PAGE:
Humans aren't the only species that can ponder abstract mathematical concepts like nonexistence. In addition to some other animals, honeybees understand that the number zero is less than 1, according to a new study.
Dolphins, African gray parrots and nonhuman primates also understand the idea of "zero," but researchers were surprised to find that honeybees also comprehend this concept, considering the insects' tiny brains, according to a statement from RMIT University in Melbourne, Australia.
Honeybees have fewer than 1 million neurons, compared with the 86 billion neurons in humans — and yet, they grasp a concept that humans, by some measures, don't start to understand before preschool, according to NPR.
The researchers set up two cards, each of which had a set of symbols on them, like triangles or circles. Then, they trained a group of the bees to fly to the card with the lower number of symbols. (The bees quickly learned what the humans wanted them to do to get their delicious, sugary rewards).
The trained bees were then shown a card that was empty versus one that had symbols on it. Without any prior training, the bees flew more often to the empty card — thereby demonstrating that they understood that "zero" was a number less than the others, according to the study, which was published Thursday (June 7) in the journal Science.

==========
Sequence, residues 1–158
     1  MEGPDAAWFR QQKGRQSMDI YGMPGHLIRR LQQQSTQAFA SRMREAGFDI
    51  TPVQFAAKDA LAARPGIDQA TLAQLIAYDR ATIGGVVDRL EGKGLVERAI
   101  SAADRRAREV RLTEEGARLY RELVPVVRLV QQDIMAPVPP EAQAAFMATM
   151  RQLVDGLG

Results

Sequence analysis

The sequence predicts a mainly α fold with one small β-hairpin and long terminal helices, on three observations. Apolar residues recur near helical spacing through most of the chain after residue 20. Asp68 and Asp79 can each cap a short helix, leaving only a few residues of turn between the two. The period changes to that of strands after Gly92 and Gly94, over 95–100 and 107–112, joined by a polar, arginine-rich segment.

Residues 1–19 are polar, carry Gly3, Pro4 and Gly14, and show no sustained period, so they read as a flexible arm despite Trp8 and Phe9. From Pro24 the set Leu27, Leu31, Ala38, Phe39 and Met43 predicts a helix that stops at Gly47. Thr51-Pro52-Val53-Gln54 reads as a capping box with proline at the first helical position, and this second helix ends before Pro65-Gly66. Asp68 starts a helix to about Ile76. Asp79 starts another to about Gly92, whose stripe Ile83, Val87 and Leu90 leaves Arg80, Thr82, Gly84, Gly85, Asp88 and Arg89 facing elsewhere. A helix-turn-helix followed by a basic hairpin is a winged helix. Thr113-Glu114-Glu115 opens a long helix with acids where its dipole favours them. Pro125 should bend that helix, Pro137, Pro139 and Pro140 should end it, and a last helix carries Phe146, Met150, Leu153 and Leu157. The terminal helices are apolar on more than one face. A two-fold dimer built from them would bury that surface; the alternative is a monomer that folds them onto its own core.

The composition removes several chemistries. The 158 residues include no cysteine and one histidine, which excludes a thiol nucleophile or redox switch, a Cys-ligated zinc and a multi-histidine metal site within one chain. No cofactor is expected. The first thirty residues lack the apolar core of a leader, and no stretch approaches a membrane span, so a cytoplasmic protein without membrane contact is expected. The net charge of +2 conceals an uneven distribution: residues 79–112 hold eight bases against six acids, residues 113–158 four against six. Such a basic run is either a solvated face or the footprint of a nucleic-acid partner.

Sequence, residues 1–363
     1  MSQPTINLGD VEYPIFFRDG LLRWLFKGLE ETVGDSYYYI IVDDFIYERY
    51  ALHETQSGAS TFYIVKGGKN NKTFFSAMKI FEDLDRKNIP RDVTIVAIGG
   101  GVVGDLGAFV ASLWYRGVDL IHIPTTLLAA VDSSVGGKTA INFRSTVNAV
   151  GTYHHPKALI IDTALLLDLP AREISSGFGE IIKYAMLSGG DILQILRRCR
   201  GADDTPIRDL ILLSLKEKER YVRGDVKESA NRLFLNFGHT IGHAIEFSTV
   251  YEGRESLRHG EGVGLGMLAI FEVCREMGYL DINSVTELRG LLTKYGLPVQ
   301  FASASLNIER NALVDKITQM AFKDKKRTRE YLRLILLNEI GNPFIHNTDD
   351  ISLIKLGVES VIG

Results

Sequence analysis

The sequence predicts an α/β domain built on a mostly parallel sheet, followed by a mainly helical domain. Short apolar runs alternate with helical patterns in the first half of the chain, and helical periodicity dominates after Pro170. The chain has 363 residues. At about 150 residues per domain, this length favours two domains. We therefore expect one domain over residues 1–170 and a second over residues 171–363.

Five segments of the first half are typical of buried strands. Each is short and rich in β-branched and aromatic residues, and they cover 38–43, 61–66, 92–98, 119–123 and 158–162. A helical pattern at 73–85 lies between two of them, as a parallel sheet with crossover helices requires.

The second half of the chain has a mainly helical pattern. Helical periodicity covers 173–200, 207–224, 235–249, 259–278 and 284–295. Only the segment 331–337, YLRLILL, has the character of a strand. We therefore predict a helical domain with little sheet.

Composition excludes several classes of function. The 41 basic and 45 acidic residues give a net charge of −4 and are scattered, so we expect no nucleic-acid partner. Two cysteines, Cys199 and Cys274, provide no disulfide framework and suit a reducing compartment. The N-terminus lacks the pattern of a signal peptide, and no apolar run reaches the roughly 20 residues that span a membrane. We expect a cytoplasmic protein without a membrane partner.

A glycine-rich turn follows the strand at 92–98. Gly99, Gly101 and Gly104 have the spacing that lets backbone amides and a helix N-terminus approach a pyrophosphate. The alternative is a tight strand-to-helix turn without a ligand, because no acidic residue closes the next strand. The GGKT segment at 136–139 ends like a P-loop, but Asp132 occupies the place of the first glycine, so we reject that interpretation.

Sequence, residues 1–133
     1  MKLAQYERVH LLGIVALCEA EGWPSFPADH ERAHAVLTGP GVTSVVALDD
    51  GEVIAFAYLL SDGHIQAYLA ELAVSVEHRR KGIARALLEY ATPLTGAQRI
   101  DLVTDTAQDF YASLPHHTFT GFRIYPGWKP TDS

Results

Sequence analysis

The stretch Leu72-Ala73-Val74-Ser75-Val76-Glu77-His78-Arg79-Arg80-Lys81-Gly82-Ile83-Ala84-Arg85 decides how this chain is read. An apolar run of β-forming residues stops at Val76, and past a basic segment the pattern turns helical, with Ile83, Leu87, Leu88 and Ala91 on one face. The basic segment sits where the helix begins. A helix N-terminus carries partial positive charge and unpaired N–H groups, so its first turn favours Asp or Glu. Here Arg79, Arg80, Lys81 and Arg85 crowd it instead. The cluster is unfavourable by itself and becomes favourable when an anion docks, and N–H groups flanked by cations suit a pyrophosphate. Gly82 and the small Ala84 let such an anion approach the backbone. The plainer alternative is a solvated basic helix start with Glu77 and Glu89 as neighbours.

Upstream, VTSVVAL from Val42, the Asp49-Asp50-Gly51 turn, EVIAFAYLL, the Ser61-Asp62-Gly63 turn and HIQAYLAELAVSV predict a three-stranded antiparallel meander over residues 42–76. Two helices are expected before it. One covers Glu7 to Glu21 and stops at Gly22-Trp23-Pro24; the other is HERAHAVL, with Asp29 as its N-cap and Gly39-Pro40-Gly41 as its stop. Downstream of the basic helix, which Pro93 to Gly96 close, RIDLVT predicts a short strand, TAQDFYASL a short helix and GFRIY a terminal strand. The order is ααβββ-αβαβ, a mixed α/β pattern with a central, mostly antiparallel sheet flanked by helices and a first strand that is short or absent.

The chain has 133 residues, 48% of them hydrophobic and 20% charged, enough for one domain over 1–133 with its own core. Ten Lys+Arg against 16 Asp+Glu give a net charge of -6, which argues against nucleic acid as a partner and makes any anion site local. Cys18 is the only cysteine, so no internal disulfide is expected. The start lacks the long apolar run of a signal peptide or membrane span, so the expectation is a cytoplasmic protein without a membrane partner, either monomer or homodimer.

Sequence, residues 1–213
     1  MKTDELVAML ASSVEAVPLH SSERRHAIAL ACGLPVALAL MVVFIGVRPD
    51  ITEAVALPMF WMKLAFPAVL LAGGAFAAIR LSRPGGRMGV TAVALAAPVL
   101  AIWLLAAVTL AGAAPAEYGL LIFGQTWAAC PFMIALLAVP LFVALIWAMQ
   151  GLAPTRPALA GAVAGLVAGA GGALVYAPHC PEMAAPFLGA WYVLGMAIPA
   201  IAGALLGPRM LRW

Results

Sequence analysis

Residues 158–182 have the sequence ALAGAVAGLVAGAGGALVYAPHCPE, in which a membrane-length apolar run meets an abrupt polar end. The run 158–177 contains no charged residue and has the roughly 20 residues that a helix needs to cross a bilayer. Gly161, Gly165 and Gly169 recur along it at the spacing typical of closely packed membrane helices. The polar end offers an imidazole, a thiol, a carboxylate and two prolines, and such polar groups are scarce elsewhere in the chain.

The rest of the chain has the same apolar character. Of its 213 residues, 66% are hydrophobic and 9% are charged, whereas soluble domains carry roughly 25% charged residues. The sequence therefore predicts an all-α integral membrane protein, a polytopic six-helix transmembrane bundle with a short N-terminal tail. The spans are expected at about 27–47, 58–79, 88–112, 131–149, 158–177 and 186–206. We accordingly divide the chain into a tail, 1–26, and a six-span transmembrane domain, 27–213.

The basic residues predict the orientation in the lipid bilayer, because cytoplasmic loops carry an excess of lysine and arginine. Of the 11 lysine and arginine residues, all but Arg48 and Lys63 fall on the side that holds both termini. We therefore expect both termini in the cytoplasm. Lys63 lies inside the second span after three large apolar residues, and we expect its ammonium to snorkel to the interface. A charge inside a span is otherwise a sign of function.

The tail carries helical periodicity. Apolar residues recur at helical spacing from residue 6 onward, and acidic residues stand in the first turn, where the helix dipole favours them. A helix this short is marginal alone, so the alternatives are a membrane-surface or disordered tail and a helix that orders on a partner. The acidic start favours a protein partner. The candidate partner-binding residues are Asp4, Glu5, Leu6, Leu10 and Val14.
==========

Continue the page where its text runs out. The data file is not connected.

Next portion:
Although they flew more often to an empty card than to one that had one symbol on it, it became easier for them to differentiate when the symbols' card increased in number. For example, they more often flew to the zero when the other card had four symbols than when it had one, according to NPR.
Perhaps these findings will shed light on the brain mechanism behind what allows us to understand the concept of "nothing," Adrian Dyer, a researcher at RMIT University and senior author of the study, said in the RMIT statement. This understanding, in turn, could help in the development of artificial intelligence that also understands this concept.
"If bees can perceive zero with a brain of less than a million neurons, it suggests there are simple, efficient ways to teach AI new tricks," Dyer said in the statement.
Originally published on Live Science.
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Yasemin is a staff writer at Live Science, covering health, neuroscience and biology. Her work has appeared in Scientific American, Science and the San Jose Mercury News. She has a bachelor's degree in biomedical engineering from the University of Connecticut and a graduate certificate in science communication from the University of California, Santa Cruz.